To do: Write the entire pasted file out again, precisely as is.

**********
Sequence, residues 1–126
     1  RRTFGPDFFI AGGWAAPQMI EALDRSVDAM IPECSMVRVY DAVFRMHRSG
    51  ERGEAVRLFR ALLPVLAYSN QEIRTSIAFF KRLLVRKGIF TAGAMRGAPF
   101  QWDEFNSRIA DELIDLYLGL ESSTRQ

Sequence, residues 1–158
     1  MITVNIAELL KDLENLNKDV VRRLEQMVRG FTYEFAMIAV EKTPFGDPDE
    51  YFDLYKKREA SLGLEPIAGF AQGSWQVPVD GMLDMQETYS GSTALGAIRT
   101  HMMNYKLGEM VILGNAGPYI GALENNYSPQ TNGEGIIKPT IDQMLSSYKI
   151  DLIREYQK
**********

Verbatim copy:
Sequence, residues 1–126
     1  RRTFGPDFFI AGGWAAPQMI EALDRSVDAM IPECSMVRVY DAVFRMHRSG
    51  ERGEAVRLFR ALLPVLAYSN QEIRTSIAFF KRLLVRKGIF TAGAMRGAPF
   101  QWDEFNSRIA DELIDLYLGL ESSTRQ

Sequence, residues 1–158
     1  MITVNIAELL KDLENLNKDV VRRLEQMVRG FTYEFAMIAV EKTPFGDPDE
    51  YFDLYKKREA SLGLEPIAGF AQGSWQVPVD GMLDMQETYS GSTALGAIRT
   101  HMMNYKLGEM VILGNAGPYI GALENNYSPQ TNGEGIIKPT IDQMLSSYKI
   151  DLIREYQK